- Section 5: Fire-fighting measures
- Section 6: Accidental release measures
- Section 7: Handling and storage instructions
- Section 8: Exposure limits and protective controls
- Section 9: Physical and chemical properties
- Section 10: Stability and reactivity
- Section 11: Toxicological information
- Section 12: Ecological information
- Section 13: Disposal considerations
- Section 14: Transport information
- Section 15: Regulatory information
- Section 16: Other information (such as the date the SDS was prepared and/or last modified)
SDSs should be reviewed by each person that might handle, store or dispose of the chemical. Keep in mind that one SDS may apply to multiple, complex mixtures having similar contents and hazards.
SDS Hazard Rating
Each chemical’s SDS contains one or more hazard ratings, which are numbers or letters indicating the type or severity of the hazard. For example, flammable liquids are categorized from one to four, with one being the most flammable and four the least flammable. Self-reactives and organic peroxides are categorized by type – A through G – with A being the least stable and G the most stable. Acute toxicity is categorized from one to five, with one being most acutely toxic and five being relatively low acute toxicity.
The hazard category does not appear on the label; you can only find it by consulting the SDS. The label will show the correct pictogram, signal words and other hazard information appropriate to the chemical’s hazard category or type.
Non-GHS Sources of Information
While the Globally Harmonized System is the most common hazard information and labeling system you are likely to see in your workplace, you may also see other systems that do not align with the GHS system.
The National Fire Protection Association (NFPA) 704 system is an industry consensus standard used to indicate hazard type and magnitude to first responders. NFPA labels normally appear on buildings or storage tanks containing hazardous materials and are primarily used by firefighters and other first responders to quickly identify chemical hazards that could complicate an emergency. The NFPA’s numbered hazard ranking is the opposite of what is used in GHS. For example, ether, which has high volatility and ignites readily, is given a maximum fire hazard rating of four by the NFPA. However, ether is category zero under the GHS system.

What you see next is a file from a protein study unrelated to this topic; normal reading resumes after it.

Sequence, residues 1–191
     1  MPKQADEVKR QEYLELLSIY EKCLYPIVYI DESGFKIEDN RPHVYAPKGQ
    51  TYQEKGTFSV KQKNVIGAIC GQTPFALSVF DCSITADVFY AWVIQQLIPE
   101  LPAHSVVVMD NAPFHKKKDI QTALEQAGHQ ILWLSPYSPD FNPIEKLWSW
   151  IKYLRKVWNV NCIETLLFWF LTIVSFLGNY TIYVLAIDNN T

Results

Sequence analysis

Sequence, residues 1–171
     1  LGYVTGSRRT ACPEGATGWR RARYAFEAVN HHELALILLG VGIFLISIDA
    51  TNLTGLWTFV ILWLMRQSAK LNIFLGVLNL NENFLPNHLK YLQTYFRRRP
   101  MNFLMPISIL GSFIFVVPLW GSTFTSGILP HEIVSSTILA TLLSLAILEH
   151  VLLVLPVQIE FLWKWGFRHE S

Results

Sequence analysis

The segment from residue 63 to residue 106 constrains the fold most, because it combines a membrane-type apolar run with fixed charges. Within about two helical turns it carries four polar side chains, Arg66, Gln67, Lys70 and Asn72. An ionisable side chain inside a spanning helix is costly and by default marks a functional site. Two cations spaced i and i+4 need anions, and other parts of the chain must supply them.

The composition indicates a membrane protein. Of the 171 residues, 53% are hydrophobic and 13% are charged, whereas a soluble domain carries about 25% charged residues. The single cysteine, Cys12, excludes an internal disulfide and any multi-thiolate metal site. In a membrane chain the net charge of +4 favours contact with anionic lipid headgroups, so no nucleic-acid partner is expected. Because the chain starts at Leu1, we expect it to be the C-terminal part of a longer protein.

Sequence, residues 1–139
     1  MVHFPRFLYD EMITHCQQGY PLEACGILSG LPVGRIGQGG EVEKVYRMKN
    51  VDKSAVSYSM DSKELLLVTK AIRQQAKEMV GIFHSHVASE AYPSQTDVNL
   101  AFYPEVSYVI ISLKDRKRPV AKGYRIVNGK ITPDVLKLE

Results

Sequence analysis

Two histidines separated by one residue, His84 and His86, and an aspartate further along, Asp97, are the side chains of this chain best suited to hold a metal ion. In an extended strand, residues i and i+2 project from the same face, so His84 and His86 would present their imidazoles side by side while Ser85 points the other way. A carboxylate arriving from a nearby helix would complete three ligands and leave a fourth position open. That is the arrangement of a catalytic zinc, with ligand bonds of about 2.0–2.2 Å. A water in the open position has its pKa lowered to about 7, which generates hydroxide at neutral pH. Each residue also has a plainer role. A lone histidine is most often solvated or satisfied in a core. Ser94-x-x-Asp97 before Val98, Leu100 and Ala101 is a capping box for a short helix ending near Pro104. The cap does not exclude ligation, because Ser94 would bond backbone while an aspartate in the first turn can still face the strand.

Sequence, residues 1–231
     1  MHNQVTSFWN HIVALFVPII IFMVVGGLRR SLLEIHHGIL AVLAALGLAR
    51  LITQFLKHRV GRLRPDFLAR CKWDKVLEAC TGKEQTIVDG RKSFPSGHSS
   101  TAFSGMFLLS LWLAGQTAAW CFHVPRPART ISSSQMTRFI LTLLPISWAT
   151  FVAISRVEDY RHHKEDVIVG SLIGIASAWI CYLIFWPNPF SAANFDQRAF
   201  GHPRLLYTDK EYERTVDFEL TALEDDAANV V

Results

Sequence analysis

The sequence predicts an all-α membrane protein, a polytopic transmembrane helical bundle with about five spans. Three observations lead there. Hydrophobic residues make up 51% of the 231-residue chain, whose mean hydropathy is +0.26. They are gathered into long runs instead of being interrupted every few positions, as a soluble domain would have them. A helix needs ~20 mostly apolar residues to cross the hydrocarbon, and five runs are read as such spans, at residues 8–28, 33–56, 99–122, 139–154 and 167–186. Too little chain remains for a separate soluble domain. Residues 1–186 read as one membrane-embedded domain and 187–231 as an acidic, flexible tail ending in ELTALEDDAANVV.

Chemicals fall under the jurisdiction of the U.S. Department of Transportation (DOT) while being transported. Any hazardous chemical classified as a “hazardous material” by the DOT must have DOT pictograms and labels on the shipping container, as well as the OSHA container label information. However, OSHA pictograms should not repeat the same hazards as the DOT hazard labels.
Unlike GHS hazard ratings, the numbers on DOT labels and placards describe the type of hazard, not its severity. For example, bulk packaging for flammable liquids will always display the number 3, regardless of how flammable the liquid is. Check the chemical’s SDS to determine the severity of its hazards.
Chemical exposure can lead to a variety of illnesses and injuries, ranging from burns and rashes to nervous system damage, organ damage and cancer. However, having an effective HAZCOM plan in your workplace and training your workers over the plan can help keep them safe and healthy.
Introducing all employees to OSHA’s Hazard Communication (HAZCOM) standard and the methods for learning about chemical hazards is crucial for workplace safety, no matter your industry or your specific worksite.